Yu is the joint album of David Sani (aka Shinkei) and Luigi Turra, the coordinators of Italian label Koyuki. I got acquainted with the releasing activity of these guys about two weeks ago through the review for Kinetix – Absolute Grey. Evidently, itos high time to get know about them as the creative units. Release of collaboration that’s examined took place this January on Non Visual Objects – label from the Austrian capital, its central theme is interpretation of minimalism in sound. Somebody, having read these words would think something of this kind: ‘These boring cracklings, squeaks and drones mixed with silence portions again…’. In some way they would be right, nowadays there is a pretty large number of musicians creating abstract sound pictures of tiny sound pieces with different origin. The thing is that, WHAT we become in the result – less elements in composition means more responsibility for each of them. That’s why rather often I see musicians as some surgeons of audioworld. Non Viual Objects is right one of those small labels which always release complicated, extremely interesting and hardly boring works. Though unacceptable for wide audience’s understanding and that’s why even more pleasant for music lovers fond of the mentioned theme.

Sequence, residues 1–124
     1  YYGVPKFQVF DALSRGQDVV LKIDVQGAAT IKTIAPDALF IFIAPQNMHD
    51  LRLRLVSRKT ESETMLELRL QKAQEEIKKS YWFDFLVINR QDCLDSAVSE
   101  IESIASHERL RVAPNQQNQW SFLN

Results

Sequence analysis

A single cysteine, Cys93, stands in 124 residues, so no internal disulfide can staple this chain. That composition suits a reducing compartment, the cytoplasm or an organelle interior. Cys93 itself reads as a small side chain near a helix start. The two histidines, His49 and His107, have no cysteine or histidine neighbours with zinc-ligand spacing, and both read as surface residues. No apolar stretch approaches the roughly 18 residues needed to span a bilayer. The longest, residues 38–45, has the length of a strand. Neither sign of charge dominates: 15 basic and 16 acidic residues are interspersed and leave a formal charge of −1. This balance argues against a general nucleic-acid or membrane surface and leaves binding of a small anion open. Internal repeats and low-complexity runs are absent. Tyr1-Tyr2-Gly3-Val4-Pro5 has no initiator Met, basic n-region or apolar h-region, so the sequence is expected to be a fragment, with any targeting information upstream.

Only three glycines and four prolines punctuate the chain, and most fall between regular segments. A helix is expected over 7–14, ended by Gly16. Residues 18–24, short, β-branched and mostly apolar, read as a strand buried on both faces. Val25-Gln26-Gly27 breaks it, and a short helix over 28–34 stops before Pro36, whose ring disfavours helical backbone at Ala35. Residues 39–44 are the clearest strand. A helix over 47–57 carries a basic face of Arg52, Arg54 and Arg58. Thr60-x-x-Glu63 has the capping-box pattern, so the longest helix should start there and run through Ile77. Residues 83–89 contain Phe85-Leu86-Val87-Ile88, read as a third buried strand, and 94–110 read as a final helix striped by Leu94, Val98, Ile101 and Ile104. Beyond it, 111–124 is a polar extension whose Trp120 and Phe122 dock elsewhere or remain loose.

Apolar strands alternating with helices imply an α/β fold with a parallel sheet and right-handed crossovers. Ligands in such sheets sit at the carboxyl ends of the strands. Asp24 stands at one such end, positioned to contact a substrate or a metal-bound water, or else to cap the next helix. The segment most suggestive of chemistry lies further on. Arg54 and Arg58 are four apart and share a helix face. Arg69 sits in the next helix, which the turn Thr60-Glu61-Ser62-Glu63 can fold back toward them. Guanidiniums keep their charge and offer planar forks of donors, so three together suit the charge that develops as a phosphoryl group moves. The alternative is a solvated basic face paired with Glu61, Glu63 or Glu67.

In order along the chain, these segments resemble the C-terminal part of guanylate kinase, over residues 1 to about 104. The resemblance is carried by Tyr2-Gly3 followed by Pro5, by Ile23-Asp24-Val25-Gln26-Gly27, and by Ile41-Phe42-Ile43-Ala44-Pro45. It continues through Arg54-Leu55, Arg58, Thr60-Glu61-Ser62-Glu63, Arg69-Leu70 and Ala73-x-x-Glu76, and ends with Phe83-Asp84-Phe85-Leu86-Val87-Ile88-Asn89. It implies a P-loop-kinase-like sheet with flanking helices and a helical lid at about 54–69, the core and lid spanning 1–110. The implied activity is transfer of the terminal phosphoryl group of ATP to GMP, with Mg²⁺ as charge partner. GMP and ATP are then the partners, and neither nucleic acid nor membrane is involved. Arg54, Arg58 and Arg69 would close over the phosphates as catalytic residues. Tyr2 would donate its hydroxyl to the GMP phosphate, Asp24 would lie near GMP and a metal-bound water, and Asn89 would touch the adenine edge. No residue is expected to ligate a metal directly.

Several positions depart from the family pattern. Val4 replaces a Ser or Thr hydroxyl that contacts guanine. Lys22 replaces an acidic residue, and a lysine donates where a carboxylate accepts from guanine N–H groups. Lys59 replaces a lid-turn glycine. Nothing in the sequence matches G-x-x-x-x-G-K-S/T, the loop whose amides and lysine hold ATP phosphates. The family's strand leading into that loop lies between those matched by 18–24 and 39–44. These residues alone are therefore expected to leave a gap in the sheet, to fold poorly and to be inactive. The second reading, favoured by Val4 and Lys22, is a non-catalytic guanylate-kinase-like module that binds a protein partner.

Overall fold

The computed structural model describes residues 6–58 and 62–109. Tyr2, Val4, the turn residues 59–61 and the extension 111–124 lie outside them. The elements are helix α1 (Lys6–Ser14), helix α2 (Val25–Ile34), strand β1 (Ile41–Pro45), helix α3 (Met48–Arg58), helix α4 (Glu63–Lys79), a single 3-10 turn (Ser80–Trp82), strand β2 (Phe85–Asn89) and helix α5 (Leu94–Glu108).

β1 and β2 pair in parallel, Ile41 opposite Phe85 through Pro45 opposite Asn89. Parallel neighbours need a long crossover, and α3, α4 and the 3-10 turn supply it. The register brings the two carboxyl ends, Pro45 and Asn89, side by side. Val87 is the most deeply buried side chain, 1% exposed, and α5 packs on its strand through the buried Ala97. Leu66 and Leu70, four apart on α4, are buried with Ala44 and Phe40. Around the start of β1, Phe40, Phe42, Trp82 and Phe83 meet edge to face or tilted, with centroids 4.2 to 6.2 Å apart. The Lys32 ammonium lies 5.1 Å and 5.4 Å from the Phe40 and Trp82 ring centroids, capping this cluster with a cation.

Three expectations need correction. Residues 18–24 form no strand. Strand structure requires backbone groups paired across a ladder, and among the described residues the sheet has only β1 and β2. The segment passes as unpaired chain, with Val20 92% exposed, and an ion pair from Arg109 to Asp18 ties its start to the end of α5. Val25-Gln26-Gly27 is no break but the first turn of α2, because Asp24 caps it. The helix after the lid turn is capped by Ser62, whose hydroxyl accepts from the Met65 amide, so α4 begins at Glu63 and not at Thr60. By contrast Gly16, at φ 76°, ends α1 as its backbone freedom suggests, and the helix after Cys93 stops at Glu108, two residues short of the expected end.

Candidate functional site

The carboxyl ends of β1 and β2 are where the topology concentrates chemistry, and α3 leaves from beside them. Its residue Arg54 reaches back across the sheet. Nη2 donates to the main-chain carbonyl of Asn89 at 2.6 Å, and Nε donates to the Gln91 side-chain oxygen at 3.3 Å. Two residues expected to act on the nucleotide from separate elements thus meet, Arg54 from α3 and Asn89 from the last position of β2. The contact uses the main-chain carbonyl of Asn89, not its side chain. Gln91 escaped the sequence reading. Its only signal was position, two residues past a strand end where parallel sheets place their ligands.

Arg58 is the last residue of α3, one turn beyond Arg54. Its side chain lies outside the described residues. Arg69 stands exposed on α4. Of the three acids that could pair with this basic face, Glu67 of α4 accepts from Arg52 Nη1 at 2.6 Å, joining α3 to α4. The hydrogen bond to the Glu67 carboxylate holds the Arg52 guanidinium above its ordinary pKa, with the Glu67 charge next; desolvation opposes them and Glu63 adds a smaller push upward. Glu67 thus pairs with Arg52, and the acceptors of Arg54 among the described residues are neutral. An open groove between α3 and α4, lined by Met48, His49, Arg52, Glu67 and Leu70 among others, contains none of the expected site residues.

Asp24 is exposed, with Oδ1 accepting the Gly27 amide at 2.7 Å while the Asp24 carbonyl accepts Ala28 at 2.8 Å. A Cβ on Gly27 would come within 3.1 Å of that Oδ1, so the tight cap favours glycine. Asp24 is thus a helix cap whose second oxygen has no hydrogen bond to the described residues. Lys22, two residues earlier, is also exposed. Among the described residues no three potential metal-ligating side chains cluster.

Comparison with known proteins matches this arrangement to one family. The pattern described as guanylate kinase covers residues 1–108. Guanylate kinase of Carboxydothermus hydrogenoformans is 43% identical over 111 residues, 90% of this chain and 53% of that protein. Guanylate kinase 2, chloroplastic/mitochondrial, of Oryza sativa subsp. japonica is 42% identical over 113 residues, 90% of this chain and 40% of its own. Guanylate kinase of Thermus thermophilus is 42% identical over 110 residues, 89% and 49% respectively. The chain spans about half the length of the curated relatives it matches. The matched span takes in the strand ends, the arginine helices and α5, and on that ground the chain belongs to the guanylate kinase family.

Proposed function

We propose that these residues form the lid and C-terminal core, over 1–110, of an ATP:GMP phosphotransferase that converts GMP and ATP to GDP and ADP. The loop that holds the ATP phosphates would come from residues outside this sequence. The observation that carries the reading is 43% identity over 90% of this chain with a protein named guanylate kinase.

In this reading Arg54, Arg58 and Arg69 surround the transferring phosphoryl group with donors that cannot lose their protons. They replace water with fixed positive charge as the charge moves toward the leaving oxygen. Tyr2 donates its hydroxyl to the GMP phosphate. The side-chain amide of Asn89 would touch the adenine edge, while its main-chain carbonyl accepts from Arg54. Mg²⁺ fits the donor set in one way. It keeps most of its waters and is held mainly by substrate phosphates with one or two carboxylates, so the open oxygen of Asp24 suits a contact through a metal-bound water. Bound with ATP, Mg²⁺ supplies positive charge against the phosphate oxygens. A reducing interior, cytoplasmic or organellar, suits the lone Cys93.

As soon as the disc starts to play, the intimate and minimalistic sound atmosphere created by it instigates to protect yourself from the outer sound sources. If such sources are close they can prevent you from hearing anything. Musicians weave field records with thin threads of synthetic microsound making hardly visible paths dodging on the surface of the devastated planet. Let’s imagine that about 200 years ago people brought themselves to the critical point, they stopped the violent act over the planet through killing civilization which is now experiencing new revival stage. If Yu must become a soundtrack for some plot, I think my description will do for it in the best way. There are few signs of life, and at the same time much enough. The thing is that they are represented very subtly, minimalistic and punctually – human voices, birds’ singing, the noise of rain, sounds of an old radio or human treads… This ambient changes all the time from natural landscapes and city streets to terrible, dark corridors of basements depicted by the imagination. The atmosphere reminds of the episodes from the film ‘Stalker’ by Andrei Tarkovsky shot by the motifs of Strugatskie Brothers’ story. Endless emptiness of quasireality muddles up any thinking object into the net of irrational… Sometimes you feel like to proceed movement and research other corners of new spaces, sometimes just to stand still and imagine what’s coming up next. Maybe this very moment will be the time of the absolute freedom? Or absolute silence?..
(Pi Micron)